I also agree with Friedman and Jordan in saying that there needs to be inequality in a society because a completely equal society does not progress. In addition, it has been proven that the poorest people in countries with a decent amount of inequality have more than the people in completely equal societies. Since Friedman says that the government is in place to control what the market cannot, it makes sense that governmental control is what drives societies in the wrong direction; the market alone can manage to take care of balanced inequalities. Also, I once read that people only feel poor depending on how poor they are compared to those around them, so is it important to consider how people feel to determine if equality is something to strive towards. Does it matter how poor people consider themselves to be or how poor they are? If it is more important how people feel, then governmental control is ideal.

Sunday, March 9, 2014

Thoughts on Friedman - Jordan Scott

I completely agree with Friedman's idea that the government is only supposed to exist according to the will of the people. We are not a patron of the government, nor do we serve our government. I know we discussed in class why inequality may be necessary, and I think that is the main point of Friedman in his writing. We need a free market that creates competition and inequality in order to advance in society. I really like his backup evidence of ideas like the Jews being officially persecuted in medieval times but they were still successful because they were allowed to be merchants. Once our political and economic freedom is taken away, even if it's in an attempt to make everyone more 'equal' no good can come from that. There needs to be inequality. When people argue that there needs to be more governmental control so that things like the Great Depression don't happen again, they are completely wrong because the Great Depression was exactly caused by government mismanagement. It truly should be freedom first, equality second.

Question for Friedman

Clearly Friedman is an advocate of Mill's individual in society. He says, in an example about social security: "True, the number of citizens who regard compulsory old age insurance as a deprivation of freedom may be few, but the believer in freedom has never counted noses" (9). Is freedom for the individual/minority, according to Friedman, based entirely in the ability, in a free market, to be able to acquire money to raise awareness for the individual's belief? Friedman makes off the greatness of capitalism being the ease at which to vocalize your belief just by, "convinc[ing] a few wealthy people," and, "it is only necessary to persuade [media groups] that the propagation can be financially successful" (17). But it seems to be Friedman is over-simplifying the injustices of class caused by money inequality. Take, for instance, one of the leading advantages people with money have over those who don't: education. Can the lesser educated poor man convince the wealthy educated man he both has a belief that's important and will make the wealthy man money? Do all beliefs worth fighting for even fall under a category of "profit"? Does that immediately make them unimportant to Friedman? What happened to the importance of the individual? Or consider other inequalities produced by money, such as "taste". If the man is dressed in overalls, instead of a "proper" suit and tie that all business men know to wear, going to even have the man's attention? And if so many individuals seek to win the rich man's attention and support, how does the poor man stand out? So much is dictated by problems of money.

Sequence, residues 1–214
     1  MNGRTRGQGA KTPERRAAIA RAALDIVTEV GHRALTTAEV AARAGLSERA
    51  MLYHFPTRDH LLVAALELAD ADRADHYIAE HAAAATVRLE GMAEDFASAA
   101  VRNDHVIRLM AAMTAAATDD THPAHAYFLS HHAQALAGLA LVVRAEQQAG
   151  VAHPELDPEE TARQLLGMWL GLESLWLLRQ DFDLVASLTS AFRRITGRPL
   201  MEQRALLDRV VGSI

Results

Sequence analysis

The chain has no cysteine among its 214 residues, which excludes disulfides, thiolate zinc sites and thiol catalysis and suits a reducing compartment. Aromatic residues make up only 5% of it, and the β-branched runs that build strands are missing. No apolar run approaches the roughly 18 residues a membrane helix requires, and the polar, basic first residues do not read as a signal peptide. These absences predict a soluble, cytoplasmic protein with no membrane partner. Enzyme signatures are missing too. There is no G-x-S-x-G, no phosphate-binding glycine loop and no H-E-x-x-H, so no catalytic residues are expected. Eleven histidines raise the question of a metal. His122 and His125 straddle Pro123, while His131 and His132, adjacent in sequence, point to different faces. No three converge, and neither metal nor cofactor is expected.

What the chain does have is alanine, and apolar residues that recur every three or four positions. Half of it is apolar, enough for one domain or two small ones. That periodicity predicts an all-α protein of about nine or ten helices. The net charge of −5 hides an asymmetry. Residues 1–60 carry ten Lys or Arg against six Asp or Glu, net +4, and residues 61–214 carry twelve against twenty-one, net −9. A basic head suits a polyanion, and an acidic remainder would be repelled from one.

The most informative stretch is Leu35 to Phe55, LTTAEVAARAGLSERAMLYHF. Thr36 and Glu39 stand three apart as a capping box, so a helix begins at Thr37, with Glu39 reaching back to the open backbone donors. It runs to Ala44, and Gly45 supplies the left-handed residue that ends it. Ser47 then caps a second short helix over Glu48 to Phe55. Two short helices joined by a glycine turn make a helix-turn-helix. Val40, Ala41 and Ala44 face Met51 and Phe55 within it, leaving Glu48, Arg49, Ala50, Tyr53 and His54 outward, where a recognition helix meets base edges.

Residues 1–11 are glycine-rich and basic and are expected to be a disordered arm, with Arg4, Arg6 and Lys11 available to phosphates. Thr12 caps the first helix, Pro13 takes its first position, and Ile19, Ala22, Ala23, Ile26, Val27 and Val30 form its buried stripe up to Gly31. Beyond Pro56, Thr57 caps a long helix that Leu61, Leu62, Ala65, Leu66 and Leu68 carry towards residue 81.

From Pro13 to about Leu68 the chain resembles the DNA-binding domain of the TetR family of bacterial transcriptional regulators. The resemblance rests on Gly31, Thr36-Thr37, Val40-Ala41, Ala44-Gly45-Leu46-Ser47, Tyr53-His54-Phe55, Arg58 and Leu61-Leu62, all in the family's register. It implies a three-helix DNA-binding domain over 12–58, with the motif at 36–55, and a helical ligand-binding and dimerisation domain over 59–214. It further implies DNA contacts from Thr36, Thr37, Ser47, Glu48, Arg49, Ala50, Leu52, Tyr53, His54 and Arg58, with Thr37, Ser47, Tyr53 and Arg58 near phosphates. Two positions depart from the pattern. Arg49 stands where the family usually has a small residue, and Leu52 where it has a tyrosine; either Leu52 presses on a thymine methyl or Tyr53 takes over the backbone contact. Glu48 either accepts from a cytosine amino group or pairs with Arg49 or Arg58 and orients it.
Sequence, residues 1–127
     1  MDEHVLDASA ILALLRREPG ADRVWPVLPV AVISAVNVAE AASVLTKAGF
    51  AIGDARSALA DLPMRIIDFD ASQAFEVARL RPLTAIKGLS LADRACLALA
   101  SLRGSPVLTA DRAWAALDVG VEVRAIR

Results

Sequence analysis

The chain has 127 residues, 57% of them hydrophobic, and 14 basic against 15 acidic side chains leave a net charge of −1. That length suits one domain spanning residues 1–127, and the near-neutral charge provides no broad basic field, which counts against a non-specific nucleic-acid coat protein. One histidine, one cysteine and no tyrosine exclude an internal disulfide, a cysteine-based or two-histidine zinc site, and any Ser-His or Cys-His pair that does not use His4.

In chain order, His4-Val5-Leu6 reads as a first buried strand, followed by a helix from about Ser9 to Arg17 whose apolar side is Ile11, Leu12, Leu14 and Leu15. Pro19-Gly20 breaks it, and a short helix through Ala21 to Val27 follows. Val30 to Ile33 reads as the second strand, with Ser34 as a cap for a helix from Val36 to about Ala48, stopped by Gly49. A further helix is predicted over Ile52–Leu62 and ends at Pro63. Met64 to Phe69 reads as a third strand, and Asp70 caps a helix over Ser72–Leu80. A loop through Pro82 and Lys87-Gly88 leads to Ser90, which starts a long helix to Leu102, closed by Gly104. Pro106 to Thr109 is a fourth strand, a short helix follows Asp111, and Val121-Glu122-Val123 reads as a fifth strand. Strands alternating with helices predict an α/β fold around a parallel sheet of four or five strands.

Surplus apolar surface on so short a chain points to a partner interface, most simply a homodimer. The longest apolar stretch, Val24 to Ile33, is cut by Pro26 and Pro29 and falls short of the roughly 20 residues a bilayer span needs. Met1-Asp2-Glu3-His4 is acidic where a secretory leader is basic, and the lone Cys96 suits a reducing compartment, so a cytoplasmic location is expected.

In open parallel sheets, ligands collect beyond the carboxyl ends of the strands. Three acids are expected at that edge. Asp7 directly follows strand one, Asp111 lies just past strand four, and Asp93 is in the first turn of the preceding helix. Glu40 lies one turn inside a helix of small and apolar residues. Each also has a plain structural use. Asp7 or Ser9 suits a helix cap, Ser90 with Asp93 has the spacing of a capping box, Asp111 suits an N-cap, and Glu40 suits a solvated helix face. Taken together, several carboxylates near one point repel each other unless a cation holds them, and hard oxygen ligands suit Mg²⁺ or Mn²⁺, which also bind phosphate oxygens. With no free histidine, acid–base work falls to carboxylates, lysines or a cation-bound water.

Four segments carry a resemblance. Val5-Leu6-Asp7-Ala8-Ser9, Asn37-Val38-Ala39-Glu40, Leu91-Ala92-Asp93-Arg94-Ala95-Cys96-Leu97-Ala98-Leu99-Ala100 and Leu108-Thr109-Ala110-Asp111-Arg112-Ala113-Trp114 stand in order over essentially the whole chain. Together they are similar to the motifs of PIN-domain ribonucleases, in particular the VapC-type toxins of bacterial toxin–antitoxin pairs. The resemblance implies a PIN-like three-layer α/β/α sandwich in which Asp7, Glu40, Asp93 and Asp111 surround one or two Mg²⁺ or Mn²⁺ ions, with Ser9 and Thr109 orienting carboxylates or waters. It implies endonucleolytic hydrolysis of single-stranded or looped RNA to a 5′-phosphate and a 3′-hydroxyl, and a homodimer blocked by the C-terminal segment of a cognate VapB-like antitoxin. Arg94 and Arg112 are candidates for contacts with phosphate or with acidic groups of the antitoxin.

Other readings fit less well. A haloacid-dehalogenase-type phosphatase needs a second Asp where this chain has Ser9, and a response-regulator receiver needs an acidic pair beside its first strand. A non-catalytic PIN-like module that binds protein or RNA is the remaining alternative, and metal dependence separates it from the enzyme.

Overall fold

Smith/Friedman Questions

1.) What is Smith's major concern with the government's economic intervention?
                   -Does the government's intervention only hinder fair trade between countries? What about one's natural liberty/natural rights? Why does Smith say that government regulation can both hurt someone's natural liberties, but also preserve them?; in what circumstances does Smith believe the government helps mitigate financial/social inequality?

                   -What are the differences between Smith's view on the government's economic intervention and Friedman's view? Do they both believe that the market can self-regulate?

Wednesday, March 5, 2014

Mill On Liberty Ch 3-4

Chapter 3:
Here Mill focuses on the importance of Individuality to the person and to society itself. He states through individuality creates character and diversity, which in turn help society to progress. He believes that Europe's attempt to conform the people will make society stagnant until it becomes like the Chinese regime.

Chapter 4:
He believes that a person should be able to pursue his own interests as long as he does not cause any harm to other people and as long has he follows his societal obligations. Society is held responsible to educate it;s youth as well. In response to his most difficult argument, Mill states that the majority should set rules and only make judgements if they were to be content with them if they were the minority.

Monday, March 3, 2014

Smith Day 2

How does the town and the country interact?
How do they have a give & take relationship?
What is the importance of gold & silver?
Why does Smith think gold & silver are not wealth?
How did the riches of a town contribute to the well-being of it's country?
Why are extravagant lifestyles of proprietors unsustainable?
Why is governmental regulation of gold and silver unnecessary?
What does Mill think about society and the individual?